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deryk

which way a polygon is facing...(for cubemapping)

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hi! i''d just like to know how to properly find out which way a polygon is facing. this is so i can properly cubemap an object. i''m currently trying out my own implementation of the algorithm, and so far, all i do is get the normal at every vertex, and then see which component is largest (i.e. comparing the absolute value of the x component with the absolute values of the y and z components; if the x component is largest, it tells me its mostly facing left or right, etc), then divide the other two components by that value to get the correct texture coordinates. what happens, however, is that the y component always seems to be the largest no matter what happens (it goes into the "if" condition for that circumstance). i''m thinking it may have something to do with how i figure out which way a vertex of a polygon is generally facing. i might be doing it wrong. any suggestions/corrections?

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1. are the normals normalized ?

2. have you verified that normals are actually being generated correctly? - i.e try drawing each as a coloured line with one end a different colour than the other. I find that doing that is invaluable as a debugging aid for normals because you can "see" whether they point out from the vertex correctly etc.

3. You shouldn''t need to do any per-vertex or per-polygon testing to apply a cube map!. You just use automatic texture coordinate generation (texgen) to turn the normals into 3D texture coordinates. The graphics card then checks which of the components of the texture coordinate is the largest to determine which of the faces to select. You don''t need to do that yourself!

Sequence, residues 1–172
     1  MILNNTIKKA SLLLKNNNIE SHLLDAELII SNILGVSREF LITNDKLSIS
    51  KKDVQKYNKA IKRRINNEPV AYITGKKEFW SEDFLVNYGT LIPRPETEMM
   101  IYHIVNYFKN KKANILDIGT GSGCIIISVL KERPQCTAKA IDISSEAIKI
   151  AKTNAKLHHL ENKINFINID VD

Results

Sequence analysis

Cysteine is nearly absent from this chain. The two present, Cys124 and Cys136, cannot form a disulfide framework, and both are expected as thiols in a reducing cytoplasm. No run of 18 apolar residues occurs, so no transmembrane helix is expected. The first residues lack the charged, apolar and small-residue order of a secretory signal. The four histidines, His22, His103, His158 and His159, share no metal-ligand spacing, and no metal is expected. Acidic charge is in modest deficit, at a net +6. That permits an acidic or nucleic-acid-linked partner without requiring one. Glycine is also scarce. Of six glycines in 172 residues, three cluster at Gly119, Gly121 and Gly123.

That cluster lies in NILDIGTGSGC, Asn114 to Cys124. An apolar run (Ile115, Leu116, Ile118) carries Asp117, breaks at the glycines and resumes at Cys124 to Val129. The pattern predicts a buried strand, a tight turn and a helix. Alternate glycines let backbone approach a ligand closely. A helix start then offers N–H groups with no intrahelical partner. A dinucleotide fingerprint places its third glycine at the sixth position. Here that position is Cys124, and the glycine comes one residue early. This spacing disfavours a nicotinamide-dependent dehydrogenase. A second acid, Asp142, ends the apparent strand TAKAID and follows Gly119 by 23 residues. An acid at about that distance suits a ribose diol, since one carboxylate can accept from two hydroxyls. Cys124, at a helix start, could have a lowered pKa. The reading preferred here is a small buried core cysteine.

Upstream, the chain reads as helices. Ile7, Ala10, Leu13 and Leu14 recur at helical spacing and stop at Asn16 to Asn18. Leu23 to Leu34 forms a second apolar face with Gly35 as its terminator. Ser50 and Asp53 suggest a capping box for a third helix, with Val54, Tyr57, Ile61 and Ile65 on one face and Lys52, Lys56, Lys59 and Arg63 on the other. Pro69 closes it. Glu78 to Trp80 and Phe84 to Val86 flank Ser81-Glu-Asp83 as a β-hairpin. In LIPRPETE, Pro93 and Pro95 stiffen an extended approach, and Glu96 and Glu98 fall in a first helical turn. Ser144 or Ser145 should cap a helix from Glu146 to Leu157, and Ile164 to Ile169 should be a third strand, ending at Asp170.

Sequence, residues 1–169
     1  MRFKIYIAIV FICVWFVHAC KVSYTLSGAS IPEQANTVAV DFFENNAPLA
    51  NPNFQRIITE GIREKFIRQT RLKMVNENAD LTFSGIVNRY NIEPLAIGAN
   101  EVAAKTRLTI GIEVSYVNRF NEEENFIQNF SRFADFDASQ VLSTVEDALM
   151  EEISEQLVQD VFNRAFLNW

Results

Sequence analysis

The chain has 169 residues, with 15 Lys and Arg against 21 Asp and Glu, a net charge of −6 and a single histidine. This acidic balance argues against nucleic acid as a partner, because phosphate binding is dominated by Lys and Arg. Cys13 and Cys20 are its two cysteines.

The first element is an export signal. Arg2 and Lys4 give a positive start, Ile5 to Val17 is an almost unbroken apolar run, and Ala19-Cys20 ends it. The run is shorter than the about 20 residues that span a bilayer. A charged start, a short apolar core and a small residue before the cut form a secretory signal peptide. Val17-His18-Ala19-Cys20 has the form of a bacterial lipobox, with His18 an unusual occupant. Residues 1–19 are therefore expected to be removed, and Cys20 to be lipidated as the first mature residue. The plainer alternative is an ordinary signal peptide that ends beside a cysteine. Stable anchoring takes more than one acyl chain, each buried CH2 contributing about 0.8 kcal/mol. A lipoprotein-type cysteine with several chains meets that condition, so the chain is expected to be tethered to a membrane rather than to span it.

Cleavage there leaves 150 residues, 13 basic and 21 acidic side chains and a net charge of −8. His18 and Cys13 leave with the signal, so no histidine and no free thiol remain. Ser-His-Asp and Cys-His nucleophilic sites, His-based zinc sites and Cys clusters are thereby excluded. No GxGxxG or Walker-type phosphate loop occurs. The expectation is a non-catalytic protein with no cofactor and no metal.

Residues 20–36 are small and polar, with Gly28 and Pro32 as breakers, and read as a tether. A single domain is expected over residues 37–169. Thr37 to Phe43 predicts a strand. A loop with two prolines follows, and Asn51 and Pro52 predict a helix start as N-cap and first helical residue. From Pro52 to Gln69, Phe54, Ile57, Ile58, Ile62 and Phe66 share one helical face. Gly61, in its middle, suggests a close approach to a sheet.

4. If this is some sort of software engine, then I think (can''t remember) the hardware cube mapping doesn''t perform any divide, it just drops the largest component (that component decided the face to use) and uses the other two components to look up the map for that face. IIRC there''s actually pseudocode for the method hardware uses on one of the ATI/nVidia/Matrox sites

5. The fact that your Y component is always coming out highest possibly hints at a problem with your normal creation or the geometry being something like terrain where the normals mostly point upwards. Alternatively it might be that you have the Y axis going into or out of the screen and you''ve (possibly incorrectly) transformed into camera space...

6. How are you transforming your normals? - i.e. if you''re doing this in any space other than object space, then make sure they''re transformed correctly, and not screwed up by the transform itself.

7. Take the dot product of the normal and another vector in the same space to determine how much the normal faces that direction. For example the dot product of the (inverted) camera vector and the normal to determine if the normal faces the camera.

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